TORONTO -- Blue Jays manager John Gibbons hasn't made anything official, but it certainly appears as though Toronto will give Troy Tulowitzki another crack at being the leadoff hitter for one of the best lineups in baseball.Toronto experimented with Tulowitzki in the top spot after he arrived last year in
TORONTO -- Blue Jays manager John Gibbons hasn't made anything official, but it certainly appears as though Toronto will give Troy Tulowitzki another crack at being the leadoff hitter for one of the best lineups in baseball.
Toronto experimented with Tulowitzki in the top spot after he arrived last year in a midseason trade with Colorado, but the move proved to be short-lived. The star shortstop hit leadoff for 26 games before giving way to Ben Revere and returning to the middle of the order.
Revere has since been dealt to Washington for right-hander Drew Storen, and his departure left the Blue Jays without a traditional leadoff hitter. Tulowitzki, while far from conventional, is the logical replacement, but he isn't the only hitter Toronto can choose from.
Here's a closer look at the options the Blue Jays have at the top of their lineup:
Tulowitzki: The 10-year veteran had never spent any time in the leadoff spot at the Major League level until he arrived in Toronto prior to the non-waiver Trade Deadline. Tulowitzki struggled in the role by hitting .227 with a .325 on-base percentage in 126 plate appearances, but it's hard to know if there was a direct correlation between his issues and his spot in the lineup.
The 31-year-old never quite settled in with the Blue Jays as he experienced some difficulty adjusting to a new league, a new team and getting traded for the first time in his career. The hope is that an offseason away and a full Spring Training with his new club will help Tulowitzki re-establish himself as one of the top shortstops in baseball.
The biggest benefit to Tulowitzki hitting first is his on-base percentage. His career mark of .369 would help ensure that Josh Donaldson, Jose Bautista and Edwin Encarnacion frequently step to the plate with a runner on. Tulowitzki isn't a threat to steal, but that's not an issue on a team that doesn't want to take any chances on the basepaths when the heart of the order is due up.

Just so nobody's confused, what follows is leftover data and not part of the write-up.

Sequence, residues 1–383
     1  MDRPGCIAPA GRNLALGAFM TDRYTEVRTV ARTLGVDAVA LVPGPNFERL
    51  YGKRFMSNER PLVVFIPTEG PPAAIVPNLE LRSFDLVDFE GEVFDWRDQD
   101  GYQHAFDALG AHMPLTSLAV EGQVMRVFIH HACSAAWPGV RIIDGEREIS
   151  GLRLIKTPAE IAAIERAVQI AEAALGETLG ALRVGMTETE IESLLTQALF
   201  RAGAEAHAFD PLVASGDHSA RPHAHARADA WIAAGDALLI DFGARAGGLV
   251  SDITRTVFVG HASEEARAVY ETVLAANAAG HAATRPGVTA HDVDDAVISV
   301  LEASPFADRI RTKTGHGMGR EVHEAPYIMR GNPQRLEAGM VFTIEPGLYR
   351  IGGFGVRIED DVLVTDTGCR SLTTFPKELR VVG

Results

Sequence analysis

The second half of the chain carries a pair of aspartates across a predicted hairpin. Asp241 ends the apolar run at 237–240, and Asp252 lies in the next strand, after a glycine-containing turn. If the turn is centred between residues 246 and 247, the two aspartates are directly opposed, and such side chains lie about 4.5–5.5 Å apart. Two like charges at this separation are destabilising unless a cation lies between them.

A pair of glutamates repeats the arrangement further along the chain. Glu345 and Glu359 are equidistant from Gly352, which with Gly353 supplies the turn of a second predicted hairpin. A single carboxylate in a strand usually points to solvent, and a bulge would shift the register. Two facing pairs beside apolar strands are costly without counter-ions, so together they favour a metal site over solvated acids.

Devon Travis: If the Tulowitzki experiment again doesn't work out in 2016, then Travis becomes the logical secondary option. He's out until at least May because of a right shoulder injury, but when Travis returns, it will give Toronto another bat with a lot of upside and someone who has the ability to hit at the top of the lineup.
Travis' 2015 season was derailed because of the lingering shoulder issue, but the results were there when he was on the field. In 62 games, he hit .304 with a .361 on-base percentage, and his ability to consistently make a lot of contact should further his case for the top spot. Tulowitzki has always been known as a middle-of-the-order bat, and if that's the role he ultimately prefers, Travis may prove to be the leadoff guy long-term.
Kevin Pillar or Ryan Goins: Pillar and Goins are coming off breakout seasons at the plate and in the field. Each player drew a lot of praise for their production at the bottom of the Blue Jays' lineup, and the ability to manufacture runs was an underrated component of the league's best offense in 2015. Pillar and Goins deserve credit for proving a lot of critics wrong, but that doesn't mean either should be hoisted to the top of the lineup.
The 27-year-old Pillar hit an impressive .278 last season, but his .314 on-base percentage leaves a lot to be desired for a leadoff hitter. The same logic applies to Goins, who had a .318 on-base percentage in 2015 and a career .331 OBP in the Minor Leagues. These two are crucial to the bottom of the order, but unless something changes in their development, a promotion to the top seems like it would be a mistake.
Gregor Chisholm is a reporter for MLB.com. Read his blog, North of the Border, follow him on Twitter @gregorMLB and Facebook, and listen to his podcast.